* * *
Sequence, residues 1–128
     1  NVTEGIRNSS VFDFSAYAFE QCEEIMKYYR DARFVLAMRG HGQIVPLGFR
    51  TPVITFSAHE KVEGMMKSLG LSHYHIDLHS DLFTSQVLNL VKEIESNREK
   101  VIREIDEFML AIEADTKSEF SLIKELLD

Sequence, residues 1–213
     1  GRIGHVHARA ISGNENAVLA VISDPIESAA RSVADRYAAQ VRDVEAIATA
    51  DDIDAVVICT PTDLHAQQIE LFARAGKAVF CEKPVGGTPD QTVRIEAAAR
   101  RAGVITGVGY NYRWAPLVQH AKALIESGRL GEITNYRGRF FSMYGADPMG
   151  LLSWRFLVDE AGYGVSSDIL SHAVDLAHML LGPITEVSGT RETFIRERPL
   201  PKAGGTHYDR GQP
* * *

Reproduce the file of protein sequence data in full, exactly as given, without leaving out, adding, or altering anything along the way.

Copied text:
Sequence, residues 1–128
     1  NVTEGIRNSS VFDFSAYAFE QCEEIMKYYR DARFVLAMRG HGQIVPLGFR
    51  TPVITFSAHE KVEGMMKSLG LSHYHIDLHS DLFTSQVLNL VKEIESNREK
   101  VIREIDEFML AIEADTKSEF SLIKELLD

Sequence, residues 1–213
     1  GRIGHVHARA ISGNENAVLA VISDPIESAA RSVADRYAAQ VRDVEAIATA
    51  DDIDAVVICT PTDLHAQQIE LFARAGKAVF CEKPVGGTPD QTVRIEAAAR
   101  RAGVITGVGY NYRWAPLVQH AKALIESGRL GEITNYRGRF FSMYGADPMG
   151  LLSWRFLVDE AGYGVSSDIL SHAVDLAHML LGPITEVSGT RETFIRERPL
   201  PKAGGTHYDR GQP